Candidate ATPase domains in yeast MutLα are required for a proper heterodimerization of the two repair proteins and for mutation avoidance (Tran et al., 2000). Since in bacteria the ATP-dependent conformational changes of MutL are considered to act as a switch to coordinate downstream events in MMR it is also possible that eukaryotes use the same strategy (Ban et al., 1999).
Recent evidence suggests that the assembly of the human repairosome might share some of the complexities of the recognition step. Genetic evidence indicates that the main MMR complex in yeast is the heterodimer of Mlh1 with Pms1 (which correspond to the human hPMS2) (for a review, see Kolodner and Marsischky, 1999). However, Mlh1 can form complexes with two other MutL homologs, Mlh2 and Mlh3 (Wang et al., 1999c; Harfe et al., 2000). The Mlh1/Mlh3 and Mlh1/Mlh2 heterodimers appear to interact preferentially with MutSβ to correct a small fraction of IDLs, with the Mlh1/Mlh2 complex being also involved in meiotic recombination (Flores-Rozas and Kolodner, 1998; Harfe et al., 2000; Wang et al., 1999c). The mammalian homolog of the yeast Mlh3 gene has been cloned and the microsatellite instability associated with expression of a dominant-negative MLH3 protein is consistent with its role in MMR (Lipkin et al., 2000). Furthermore, a third complex (hMutLβ) formed by hMLH1 and hPMS1 (closely related to yeast MLH2 and/or MLH3) has been identified in human cells also (Raschle et al., 1999; Leung et al., 2000). Whether human MMR uses different repairosomes to correct different types of mismatches or whether some of these complexes perform some more specialized funtion is unclear.
The strand discrimination signal, the degradation of the newly synthesized strand and the resynthesis of the excised tract are less well-characterized. While E. coli uses the methylation pattern at GATC sequences as the signal to identify the newly synthesized strand, there is no obvious equivalent in human DNA. The interaction of hMSH2 with the replication processivity factor PCNA at a step preceding DNA resynthesis led to the suggestion that human MMR might use the termini of Okazaki fragments as the strand discrimination signal (Umar et al., 1996). This hypothesis is supported by the observation that an anti-hMLH1 antibody is able to co-immunoprecipitate PCNA together with hPMS2 and hMSH2 (Gu et al., 1998) and that yeast PCNA mutated in the binding motifs for MSH3 and MSH6 displays a mutator phenotype that is epistatic with mutations in MMR genes (Clark et al., 2000).
The interaction of human exonuclease I with hMSH2 suggests its involvement in the MMR process and/or DNA recombination (Schmutte et al., 1998). Biochemical evidence indicates that polymerase δ is used in the repair of DNA mismatches (Longley et al., 1997). The recent discovery of several novel eukaryotic DNA polymerases (for a review, see Friedberg et al., 2000) raises the possibility that other polymerases might be used during MMR (see also below).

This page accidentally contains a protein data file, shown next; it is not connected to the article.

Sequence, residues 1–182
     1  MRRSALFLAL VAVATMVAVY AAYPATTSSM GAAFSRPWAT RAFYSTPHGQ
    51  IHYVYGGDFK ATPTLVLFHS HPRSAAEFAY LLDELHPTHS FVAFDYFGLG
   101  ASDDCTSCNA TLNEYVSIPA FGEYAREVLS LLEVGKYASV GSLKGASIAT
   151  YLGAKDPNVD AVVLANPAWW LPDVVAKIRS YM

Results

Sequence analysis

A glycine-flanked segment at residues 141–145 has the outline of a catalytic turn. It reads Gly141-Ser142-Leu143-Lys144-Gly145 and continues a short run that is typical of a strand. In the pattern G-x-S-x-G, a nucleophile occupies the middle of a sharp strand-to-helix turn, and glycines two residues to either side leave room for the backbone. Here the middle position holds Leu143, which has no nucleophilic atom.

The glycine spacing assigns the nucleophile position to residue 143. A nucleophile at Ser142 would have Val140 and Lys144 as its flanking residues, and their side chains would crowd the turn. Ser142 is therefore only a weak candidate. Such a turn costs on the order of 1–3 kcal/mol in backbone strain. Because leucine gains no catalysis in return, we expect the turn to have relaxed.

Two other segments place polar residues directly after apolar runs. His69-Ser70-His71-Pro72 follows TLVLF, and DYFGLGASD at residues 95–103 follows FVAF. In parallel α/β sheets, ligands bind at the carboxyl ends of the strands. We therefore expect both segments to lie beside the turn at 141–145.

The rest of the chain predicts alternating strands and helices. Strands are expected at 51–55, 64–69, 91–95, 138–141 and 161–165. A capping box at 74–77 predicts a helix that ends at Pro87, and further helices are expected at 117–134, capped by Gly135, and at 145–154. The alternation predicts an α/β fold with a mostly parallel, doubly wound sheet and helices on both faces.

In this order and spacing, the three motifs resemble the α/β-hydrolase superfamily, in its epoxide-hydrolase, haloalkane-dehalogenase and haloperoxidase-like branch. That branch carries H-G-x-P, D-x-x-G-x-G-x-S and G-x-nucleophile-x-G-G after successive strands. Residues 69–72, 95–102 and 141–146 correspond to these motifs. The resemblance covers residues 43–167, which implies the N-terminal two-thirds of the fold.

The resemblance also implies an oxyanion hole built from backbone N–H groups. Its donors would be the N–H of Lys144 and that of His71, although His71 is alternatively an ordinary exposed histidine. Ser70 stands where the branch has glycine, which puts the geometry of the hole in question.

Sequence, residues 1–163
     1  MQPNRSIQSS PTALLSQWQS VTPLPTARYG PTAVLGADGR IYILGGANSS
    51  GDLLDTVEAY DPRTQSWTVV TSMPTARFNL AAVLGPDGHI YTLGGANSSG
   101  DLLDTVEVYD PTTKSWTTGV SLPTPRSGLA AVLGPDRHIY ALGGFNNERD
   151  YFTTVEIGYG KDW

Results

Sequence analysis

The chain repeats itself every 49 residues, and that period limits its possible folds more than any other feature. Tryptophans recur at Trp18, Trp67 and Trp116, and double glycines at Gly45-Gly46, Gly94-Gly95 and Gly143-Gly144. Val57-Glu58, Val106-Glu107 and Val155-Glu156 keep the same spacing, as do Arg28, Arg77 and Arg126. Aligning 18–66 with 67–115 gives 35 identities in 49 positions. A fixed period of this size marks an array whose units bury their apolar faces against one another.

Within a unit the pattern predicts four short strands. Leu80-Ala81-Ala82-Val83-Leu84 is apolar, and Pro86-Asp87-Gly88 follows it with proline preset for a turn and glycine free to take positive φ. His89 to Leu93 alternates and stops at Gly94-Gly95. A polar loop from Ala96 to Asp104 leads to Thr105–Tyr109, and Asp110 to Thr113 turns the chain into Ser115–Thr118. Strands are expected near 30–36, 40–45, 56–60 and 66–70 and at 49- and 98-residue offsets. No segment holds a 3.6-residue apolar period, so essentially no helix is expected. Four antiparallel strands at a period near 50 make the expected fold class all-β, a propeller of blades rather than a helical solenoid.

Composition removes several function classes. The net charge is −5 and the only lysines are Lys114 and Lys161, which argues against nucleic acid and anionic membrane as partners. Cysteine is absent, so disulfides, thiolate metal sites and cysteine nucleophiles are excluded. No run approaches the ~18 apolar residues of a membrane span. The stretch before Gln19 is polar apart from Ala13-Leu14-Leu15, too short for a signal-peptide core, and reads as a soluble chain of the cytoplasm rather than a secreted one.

BIOLOGICAL CONSEQUENCES OF MMR LOSS
In accordance with a major role of MMR in the correction of replication errors, human tumor cell lines with defective MMR display elevated spontaneous mutation rates (order of magnitude between one and three) (Bhattacharyya et al., 1994; Eshelman and Markowitz, 1996; Branch et al., 1995). Molecular analysis of spontaneous mutations in endogenous (HPRT) or reporter genes (lacI, supF) helped to identify the substrates for MMR. The frequencies of transitions, transversions and frameshift mutations are all greatly increased in the HPRT gene of repair defective human cell lines, although there are major differences in the mutational spectra of hMSH6- and hMLH1- or hPMS2-defective tumor cell lines. Inactivation of hMutLα was associated with a greater increase in frameshifts than loss of hMSH6 (Bhattacharyya et al., 1995; Malkhosyan et al., 1996a; Ohzeki et al., 1997; Glaab et al., 1998a; Lettieri et al., 1999). Thus, hMutSβ appears to support repair of a significant fraction of frameshift intermediates. In addition, differences between mutational spectra of double hMSH6/hPMS2 or hMSH3/hMSH6 versus single hMSH6 or hMSH3 mutant cell lines indicate that the hMutSβ heterodimer also participates in repair of base: base mismatches (Glaab et al., 1998a; Umar et al., 1998). Studies of mutation on the SupF gene replicated episomally in MMR-defective cells also suggest a role for hMutSβ in correcting single base mispairs (Ceccotti et al., 2000). These data partially contradict some of the in vitro studies with purified MMR complexes. Thus, the affinity of MutSα and MutSβ for mismatched DNA might be influenced by several other factors, the most obvious being the interaction with alternative multiple MutL complexes or the sequence context where the mismatches occur.